Perimenopause 101: Signs, Symptoms & Treatments
Perimenopause. That magical time in a women’s life when her body starts going through “the change.” Meaning: her ovaries don’t produce as many hormones as they did while she eases into — perhaps somewhat uncomfortably — menopause.
While some women can be frustrated when perimenopause symptoms begin in their early 40s or younger, Jessica Morrell, CNP, IFMCP, with Avera Medical Group Functional Medicine, said they usually aren’t surprised.
“These symptoms blend into menopause,” she said, “so many of the symptoms of perimenopause are the same as menopause.”
What is Perimenopause?
Perimenopause has been variously defined, but experts generally agree that it begins with irregular menstrual cycles — courtesy of declining ovarian function — and ends a year after the last menstrual period.
Although some women start developing symptoms in their 30s, it’s common for perimenopause to start in a woman’s mid-40s and can last two to 10 years. While some studies have shown that perimenopause is starting earlier in women and menopause is starting later, Morrell says that’s not necessarily the case.
“It is possible,” she said, “but may also be just as likely that we are addressing it sooner or are more aware of the connection of hormones than we have been in the past.”
Perimenopause isn’t the same for everyone. For example:
- The average duration is three to four years, although it can last just a few months or extend as long as a decade.
- Some women feel pummeled by hot flashes and wiped out by heavy periods.
- Many have no bothersome symptoms.
- Periods may end more abruptly for some, while others may menstruate erratically for years.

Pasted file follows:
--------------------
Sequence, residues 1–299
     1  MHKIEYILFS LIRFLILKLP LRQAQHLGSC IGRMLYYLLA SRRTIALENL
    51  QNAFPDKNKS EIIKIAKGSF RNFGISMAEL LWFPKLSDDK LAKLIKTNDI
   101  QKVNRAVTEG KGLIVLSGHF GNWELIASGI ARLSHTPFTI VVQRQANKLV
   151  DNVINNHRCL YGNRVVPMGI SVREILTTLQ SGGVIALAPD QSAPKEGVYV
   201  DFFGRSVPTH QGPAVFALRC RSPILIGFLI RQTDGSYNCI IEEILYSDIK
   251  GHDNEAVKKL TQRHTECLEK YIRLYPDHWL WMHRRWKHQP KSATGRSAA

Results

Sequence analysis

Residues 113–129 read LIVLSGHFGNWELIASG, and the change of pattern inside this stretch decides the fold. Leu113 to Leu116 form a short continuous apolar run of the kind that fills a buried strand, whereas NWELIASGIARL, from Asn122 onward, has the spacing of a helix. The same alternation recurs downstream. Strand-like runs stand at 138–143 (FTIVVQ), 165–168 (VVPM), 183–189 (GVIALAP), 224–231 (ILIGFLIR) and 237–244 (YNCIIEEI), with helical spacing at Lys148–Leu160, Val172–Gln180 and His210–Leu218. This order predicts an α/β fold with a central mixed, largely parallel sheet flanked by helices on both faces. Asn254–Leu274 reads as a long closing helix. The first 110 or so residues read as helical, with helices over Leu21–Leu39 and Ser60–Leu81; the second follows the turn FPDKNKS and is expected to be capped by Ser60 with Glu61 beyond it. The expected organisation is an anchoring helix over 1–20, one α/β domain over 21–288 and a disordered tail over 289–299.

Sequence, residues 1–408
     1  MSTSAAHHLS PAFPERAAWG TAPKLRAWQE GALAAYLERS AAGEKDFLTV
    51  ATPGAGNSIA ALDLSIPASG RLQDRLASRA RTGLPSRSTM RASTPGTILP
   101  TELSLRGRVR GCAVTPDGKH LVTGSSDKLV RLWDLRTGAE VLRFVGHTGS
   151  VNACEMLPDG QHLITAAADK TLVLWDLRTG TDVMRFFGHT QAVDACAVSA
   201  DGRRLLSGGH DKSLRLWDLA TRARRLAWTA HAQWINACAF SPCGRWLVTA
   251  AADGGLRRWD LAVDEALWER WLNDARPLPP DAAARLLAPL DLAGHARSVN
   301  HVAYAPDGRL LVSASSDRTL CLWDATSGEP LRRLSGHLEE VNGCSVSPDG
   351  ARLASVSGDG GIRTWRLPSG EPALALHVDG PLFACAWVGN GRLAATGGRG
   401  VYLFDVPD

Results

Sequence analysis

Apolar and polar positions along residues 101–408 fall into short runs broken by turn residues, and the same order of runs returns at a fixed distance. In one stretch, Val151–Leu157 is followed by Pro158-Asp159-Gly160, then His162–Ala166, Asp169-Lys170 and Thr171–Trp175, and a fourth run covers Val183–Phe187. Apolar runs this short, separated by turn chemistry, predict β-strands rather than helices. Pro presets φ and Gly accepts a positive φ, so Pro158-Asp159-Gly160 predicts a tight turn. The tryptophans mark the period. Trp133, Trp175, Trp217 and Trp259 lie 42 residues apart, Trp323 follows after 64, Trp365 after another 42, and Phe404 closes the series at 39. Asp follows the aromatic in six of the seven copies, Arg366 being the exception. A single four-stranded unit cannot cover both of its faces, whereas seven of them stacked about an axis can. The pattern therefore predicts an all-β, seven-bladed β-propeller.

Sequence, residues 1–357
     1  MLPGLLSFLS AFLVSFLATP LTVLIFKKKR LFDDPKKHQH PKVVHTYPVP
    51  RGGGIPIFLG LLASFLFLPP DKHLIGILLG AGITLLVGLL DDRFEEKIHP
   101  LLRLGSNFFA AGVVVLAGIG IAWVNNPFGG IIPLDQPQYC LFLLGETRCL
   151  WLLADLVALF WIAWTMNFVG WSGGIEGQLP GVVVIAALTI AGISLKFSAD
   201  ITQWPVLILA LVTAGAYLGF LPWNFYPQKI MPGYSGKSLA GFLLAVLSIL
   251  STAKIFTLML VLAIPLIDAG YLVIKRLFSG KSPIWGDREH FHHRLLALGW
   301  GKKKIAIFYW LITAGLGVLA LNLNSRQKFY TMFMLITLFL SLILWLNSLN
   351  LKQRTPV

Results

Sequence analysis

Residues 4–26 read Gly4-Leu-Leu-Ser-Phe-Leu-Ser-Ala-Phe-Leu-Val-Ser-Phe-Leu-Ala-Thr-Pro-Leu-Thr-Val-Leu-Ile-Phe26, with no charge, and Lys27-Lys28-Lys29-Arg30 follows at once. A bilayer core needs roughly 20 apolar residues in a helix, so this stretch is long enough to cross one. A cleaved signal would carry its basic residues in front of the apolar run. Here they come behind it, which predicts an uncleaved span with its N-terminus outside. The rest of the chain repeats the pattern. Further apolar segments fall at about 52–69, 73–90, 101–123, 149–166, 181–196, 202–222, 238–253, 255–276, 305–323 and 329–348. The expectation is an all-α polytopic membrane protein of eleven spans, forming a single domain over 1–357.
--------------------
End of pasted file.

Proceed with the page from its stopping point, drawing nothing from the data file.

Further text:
Fortunately, as knowledge about reproductive aging has grown, so have the options for treating some of its more distressing features.
By a woman’s late 30s, she doesn't produce as much progesterone. The number and quality of follicles in her ovaries also diminishes, causing a decline in estrogen production and fewer ovulations. As a result, by her 40s, cycle length and menstrual flow may vary and periods may become irregular. Estrogen may drop steeply or spike higher than normal.
Symptoms can include:
- Trouble sleeping
- Night sweats
- Hot flashes
- Irritability/depression, anxiety
- Irregular periods
- Change in menstrual flow
- Weight gain
- Loss of muscle mass
- Skin changes
- PMS changes
- Joint aches
- Foggy thinking
- Decreased libido
- Vaginal dryness
- Heart palpitations
Hormone therapy given in the right doses can drastically improve the symptoms of this transition. Lack of estrogen affects so many areas in the body – cognition, cardiovascular, musculoskeletal. The rapid decline in hormones with then an occasional surge of hormones contributes to the symptoms.
What to do About Perimenopause Symptoms
While perimenopause is typically symptom-based, Morrell said hormone testing can give insight into where the imbalances are to direct interventions. But it involves more than just hormones.
For example, if the GI system and metabolic systems are not healthy, symptoms are more likely to be pronounced. Doctors often must dig a bit deeper than just hormone testing.
A few things to know about perimenopause symptoms include:
- It’s important to focus on a healthy lifestyle. This can involve increasing dietary fiber, decreasing sugar and processed foods, increasing cruciferous vegetables (broccoli, cauliflower, kale, cabbage, Brussels sprouts), exercise, mindfulness.
- Typically, symptoms are worse for people who have other imbalances going on in their bodies. There are treatments depending on where the imbalances are. Morrell recommends talking with a provider who will test hormones, take a dive into adrenal function, and look at thyroid function.
- When hormones start changing it can affect thyroid function as well.
- Hormone therapy, acupuncture, and herbal therapies are some of treatment options available.
“When women say they feel crazy, it is because their hormone patterns are crazy,” Morrell said. “It’s important to know that they are not alone.”
Talk to your provider if you’re interested in hormonal testing or treatments related to perimenopause.
You Might Also Like